One of the most difficult things about studying abroad is the language part(dreaming of a world where everyone knows english 😇). I found out last year that I have dyslexia( whoa!! I’m not an complete idiot🎊🎉😅, just a bit slow). But we only do 3 mandatory years of language at my school, so my last exam is in September!!! Just a couple of months left!

Medical school teaches you how to be 100% person. As a future doctor, you have to be intelligent - of course. You have to be truly devoted, strong, confident yet humble and ready to work harder than you could’ve imagined ‘till now. You have to be striving for perfection, because you can’t afford to be 99% right. You are either 100% right or 100% wrong.
—  My professor of Internal Medicine on ‘Introduction to Internal Medicine’. 

It’s up to you now. I’d like to share something with you.. You know that feeling when you need to study and you’re just not feeling it, but you think if you watch a movie or eat some chocolate or watch TV or YouTube or do anything else you’ll get that epic motivation and stay all night awake studying? That stupid thought “I’ll do it later”? Well let me tell you, when you get that feeling, DON’T run away from studying, because even when you finish procrastinating and doing things you like, that motivation will not come, you will feel the same and want to procrastinate more! So, when you are not feeling like studying, remember that you’ll not be feeling it even when you finish procrastinating, so forget that “I’ll do it later”, sit down and STUDY HARD! I know it is hard, I know exactly how you feel in that moment when you have to study but you reeeeally don’t want, but believe me, you will feel sooooo much better when you finish, and success actually will motivate you! Good luck and don’t give up! :)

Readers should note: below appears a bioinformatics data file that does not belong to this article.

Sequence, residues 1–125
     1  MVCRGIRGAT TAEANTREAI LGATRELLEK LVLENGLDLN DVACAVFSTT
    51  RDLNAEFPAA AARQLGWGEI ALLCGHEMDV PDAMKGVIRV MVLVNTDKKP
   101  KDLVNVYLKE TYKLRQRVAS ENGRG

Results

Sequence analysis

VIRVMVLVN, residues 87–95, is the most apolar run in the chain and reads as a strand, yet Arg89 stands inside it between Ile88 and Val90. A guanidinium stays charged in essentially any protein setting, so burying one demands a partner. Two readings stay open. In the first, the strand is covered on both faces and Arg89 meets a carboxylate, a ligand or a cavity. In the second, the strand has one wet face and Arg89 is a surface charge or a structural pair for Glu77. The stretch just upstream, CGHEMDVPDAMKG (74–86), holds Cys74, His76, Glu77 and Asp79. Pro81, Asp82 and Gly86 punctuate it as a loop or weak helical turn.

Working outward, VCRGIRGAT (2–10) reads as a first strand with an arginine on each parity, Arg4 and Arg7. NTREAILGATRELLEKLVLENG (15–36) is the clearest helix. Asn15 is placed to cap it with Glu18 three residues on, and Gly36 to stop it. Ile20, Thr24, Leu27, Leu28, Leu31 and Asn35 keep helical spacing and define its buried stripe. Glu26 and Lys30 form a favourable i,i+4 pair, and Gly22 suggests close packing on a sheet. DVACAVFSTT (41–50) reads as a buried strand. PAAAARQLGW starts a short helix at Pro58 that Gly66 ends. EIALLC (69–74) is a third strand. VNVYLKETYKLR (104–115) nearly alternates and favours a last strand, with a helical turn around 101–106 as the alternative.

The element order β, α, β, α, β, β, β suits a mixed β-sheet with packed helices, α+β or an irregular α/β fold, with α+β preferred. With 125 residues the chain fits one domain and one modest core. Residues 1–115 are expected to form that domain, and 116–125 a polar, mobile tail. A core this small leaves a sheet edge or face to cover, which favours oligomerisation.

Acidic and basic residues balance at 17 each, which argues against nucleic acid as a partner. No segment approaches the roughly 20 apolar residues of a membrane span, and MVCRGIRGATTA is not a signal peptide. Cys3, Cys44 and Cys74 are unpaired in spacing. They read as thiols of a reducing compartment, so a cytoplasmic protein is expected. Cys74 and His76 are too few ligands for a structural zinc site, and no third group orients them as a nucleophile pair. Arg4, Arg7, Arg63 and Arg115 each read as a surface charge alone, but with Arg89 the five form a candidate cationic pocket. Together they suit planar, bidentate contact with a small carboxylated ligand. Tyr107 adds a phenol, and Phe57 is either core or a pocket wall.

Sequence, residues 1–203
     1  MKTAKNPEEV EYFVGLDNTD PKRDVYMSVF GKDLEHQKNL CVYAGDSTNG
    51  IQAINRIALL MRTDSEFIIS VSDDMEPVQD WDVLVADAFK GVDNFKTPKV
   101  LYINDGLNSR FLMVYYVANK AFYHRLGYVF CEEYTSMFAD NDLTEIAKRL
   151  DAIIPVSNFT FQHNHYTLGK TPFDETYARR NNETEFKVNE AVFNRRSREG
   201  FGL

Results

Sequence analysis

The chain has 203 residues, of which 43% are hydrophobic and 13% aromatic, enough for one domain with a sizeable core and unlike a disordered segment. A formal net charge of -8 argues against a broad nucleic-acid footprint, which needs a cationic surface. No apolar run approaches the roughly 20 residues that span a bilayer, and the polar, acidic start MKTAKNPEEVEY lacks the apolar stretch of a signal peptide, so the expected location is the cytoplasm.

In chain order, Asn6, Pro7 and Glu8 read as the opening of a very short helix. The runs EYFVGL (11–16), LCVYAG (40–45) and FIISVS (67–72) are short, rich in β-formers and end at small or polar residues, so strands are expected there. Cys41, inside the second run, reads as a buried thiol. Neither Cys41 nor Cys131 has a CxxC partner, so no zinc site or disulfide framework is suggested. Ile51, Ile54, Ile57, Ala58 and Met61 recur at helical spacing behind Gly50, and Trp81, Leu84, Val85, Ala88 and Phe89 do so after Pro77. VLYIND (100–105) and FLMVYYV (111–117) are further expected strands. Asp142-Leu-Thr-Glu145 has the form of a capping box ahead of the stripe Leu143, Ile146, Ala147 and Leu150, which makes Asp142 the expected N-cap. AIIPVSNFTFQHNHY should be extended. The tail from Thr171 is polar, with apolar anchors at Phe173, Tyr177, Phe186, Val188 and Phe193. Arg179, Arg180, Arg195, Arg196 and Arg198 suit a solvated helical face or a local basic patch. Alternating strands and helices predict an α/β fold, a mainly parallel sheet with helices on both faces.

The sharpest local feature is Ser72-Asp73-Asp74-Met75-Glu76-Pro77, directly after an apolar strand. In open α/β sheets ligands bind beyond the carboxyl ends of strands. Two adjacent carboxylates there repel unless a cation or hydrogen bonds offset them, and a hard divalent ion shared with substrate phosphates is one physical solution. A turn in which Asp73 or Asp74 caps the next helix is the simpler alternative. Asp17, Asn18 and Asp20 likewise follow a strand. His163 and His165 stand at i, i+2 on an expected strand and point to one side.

Side Effects May Include....

While attending medical school, you may experience:

1) Insomnia